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Tracking militarists’ efforts to influence U.S. foreign policy

Dangerous Delusions

A television adaptation of Nebula Award-winning author John Kessel's short story "A Clean Escape," which aired on ABC's new sci-fi...

A television adaptation of Nebula Award-winning author John Kessel’s short story "A Clean Escape," which aired on ABC’s new sci-fi anthology series titled Masters of Science Fiction, is set in a post-Apocalypse future, but it reminded me of current events. Psychiatrist Deanna Evans interrogates a distinguished but disoriented man who appears to be suffering from a memory lapse. After a climactic buildup, it is revealed—and this is a spoiler alert, if you don’t want the story ruined—that he is the U.S. president, responsible for a global nuclear holocaust. They are two of a few hundred survivors of a nuclear war that resulted from the president’s decision to launch a preemptive nuclear strike against a "rogue nation." Yet, not remembering what happened, he is unable to acknowledge his role or to take responsibility.

Kessel’s president lives in a world of make believe, in which he is a patriotic American, committed to serving his country and ensuring that democracy reigns supreme worldwide. No, he says again and again, there was no nuclear holocaust! No, America is prospering and his family is alive and well! No, he isn’t the president, just a hard-working citizen! But Dr. Evans forces him to overcome what could be a form of short-term memory loss and face reality. She shows him photographs of the destroyed White House, of the dead bodies of his wife and daughter, of devastated cities. "Mission accomplished, president?" she asks.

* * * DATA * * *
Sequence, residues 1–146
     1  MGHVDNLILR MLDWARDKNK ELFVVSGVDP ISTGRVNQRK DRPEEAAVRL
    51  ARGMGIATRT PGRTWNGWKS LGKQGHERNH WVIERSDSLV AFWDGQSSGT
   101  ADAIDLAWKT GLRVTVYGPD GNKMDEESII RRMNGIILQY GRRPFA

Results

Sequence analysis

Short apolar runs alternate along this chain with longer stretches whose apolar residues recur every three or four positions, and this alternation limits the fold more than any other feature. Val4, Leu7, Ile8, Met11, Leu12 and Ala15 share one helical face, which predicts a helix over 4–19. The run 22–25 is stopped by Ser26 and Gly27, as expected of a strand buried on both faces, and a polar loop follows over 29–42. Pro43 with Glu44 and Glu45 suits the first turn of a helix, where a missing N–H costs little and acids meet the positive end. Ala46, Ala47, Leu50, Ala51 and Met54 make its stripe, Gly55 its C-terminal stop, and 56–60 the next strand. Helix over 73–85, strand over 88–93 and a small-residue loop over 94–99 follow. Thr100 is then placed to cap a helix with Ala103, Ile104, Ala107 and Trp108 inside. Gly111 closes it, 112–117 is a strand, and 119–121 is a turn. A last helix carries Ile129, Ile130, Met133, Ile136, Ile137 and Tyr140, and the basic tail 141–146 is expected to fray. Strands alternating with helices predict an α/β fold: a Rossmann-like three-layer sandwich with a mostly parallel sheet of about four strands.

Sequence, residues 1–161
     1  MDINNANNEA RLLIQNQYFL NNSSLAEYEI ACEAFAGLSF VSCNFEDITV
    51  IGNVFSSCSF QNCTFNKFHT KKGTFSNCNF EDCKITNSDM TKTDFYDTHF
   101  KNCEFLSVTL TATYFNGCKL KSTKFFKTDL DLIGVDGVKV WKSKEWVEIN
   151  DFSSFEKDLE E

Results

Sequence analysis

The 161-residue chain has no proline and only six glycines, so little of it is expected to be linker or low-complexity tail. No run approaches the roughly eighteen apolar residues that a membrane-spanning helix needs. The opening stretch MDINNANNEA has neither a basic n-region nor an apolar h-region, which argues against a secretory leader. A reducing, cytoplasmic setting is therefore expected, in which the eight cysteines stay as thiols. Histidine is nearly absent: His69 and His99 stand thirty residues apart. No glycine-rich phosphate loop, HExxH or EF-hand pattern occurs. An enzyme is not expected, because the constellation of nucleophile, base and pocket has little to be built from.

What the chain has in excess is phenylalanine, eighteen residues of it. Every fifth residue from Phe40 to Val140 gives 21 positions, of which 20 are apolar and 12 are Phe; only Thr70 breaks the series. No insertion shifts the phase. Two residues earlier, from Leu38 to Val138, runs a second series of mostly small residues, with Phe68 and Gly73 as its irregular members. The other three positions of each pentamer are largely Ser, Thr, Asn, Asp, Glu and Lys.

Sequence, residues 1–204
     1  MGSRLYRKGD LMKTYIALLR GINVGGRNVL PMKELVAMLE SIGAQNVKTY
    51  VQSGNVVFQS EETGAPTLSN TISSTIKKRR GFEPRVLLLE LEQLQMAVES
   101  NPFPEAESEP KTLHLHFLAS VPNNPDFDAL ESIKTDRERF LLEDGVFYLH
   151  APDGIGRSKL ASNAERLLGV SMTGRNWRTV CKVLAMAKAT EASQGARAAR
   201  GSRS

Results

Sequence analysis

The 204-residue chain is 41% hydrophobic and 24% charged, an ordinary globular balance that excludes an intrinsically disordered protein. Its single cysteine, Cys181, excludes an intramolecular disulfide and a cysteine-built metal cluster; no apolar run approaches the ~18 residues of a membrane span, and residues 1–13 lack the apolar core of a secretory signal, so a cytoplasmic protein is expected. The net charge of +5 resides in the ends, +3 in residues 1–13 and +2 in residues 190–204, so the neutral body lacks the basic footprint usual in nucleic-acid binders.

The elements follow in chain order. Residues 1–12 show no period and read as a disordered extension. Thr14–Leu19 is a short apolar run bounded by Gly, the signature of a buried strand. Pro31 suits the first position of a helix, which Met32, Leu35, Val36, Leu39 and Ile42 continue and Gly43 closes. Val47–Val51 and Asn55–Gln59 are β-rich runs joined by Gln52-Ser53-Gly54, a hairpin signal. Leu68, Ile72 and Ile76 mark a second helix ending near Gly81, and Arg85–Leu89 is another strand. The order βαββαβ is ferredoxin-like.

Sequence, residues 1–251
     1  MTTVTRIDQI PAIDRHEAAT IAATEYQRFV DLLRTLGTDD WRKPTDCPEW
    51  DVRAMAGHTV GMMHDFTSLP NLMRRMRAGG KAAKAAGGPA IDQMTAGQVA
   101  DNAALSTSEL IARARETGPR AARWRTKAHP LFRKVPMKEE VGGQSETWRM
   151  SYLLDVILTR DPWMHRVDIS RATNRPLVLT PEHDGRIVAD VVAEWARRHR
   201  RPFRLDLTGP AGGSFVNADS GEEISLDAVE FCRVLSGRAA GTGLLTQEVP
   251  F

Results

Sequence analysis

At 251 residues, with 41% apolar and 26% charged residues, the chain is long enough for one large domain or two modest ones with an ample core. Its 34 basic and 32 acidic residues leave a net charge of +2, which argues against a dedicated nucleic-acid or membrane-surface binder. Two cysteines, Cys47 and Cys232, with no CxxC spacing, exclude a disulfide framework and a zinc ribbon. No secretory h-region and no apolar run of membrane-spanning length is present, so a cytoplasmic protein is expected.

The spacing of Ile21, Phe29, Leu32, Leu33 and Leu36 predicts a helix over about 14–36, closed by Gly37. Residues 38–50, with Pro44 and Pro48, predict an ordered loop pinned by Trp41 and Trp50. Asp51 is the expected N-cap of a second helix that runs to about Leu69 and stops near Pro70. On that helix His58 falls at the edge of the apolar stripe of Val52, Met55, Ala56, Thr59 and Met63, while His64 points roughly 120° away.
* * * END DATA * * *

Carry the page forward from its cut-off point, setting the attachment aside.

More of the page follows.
Sound vaguely familiar? Indeed, at times it seems to me that President George W. Bush and his advisers, not unlike the fictional president in "A Clean Escape," reside in a world of make believe of their own creation—let’s call it the "Neocon World."

In their alternate reality, the ouster of Saddam Hussein was part of the war on the terrorists who perpetrated the 9/11 attacks. In the real world, Saddam Hussein had no ties to al-Qaida, whose leaders and members are now hiding in Pakistan (which in the Neocon World is an ally of the United States in the war against al-Qaida). In the Neocon World, there were WMDs in Iraq. In the real world, such Iraqi WMDs do not exist. In the Neocon World, the United States has liberated Iraq. In the real world, U.S. troops are facing a powerful insurgency, and most Iraqis want them out. In the Neocon World, the United States has turned Mesopotamia into a model of political and economic freedom. In the real world, Iraq is ruled by a Shiite government committed to narrow ethnic interests and religious values, its economy is ruined, and it is disintegrating into a bloody civil war. In the Neocon World, the United States is now spreading democracy in the Middle East. In the real world, the United States is providing huge arms packages to help strengthen the power of the theocracy of Saudi Arabia and the military regime of Egypt. In the Neocon World, the Iraq War is strengthening the position of the United States and its allies in the Middle East. In the real world, the Iraq War strengthened the hands of anti-American Iran and its allies in the Middle East, including Hezbollah and Hamas.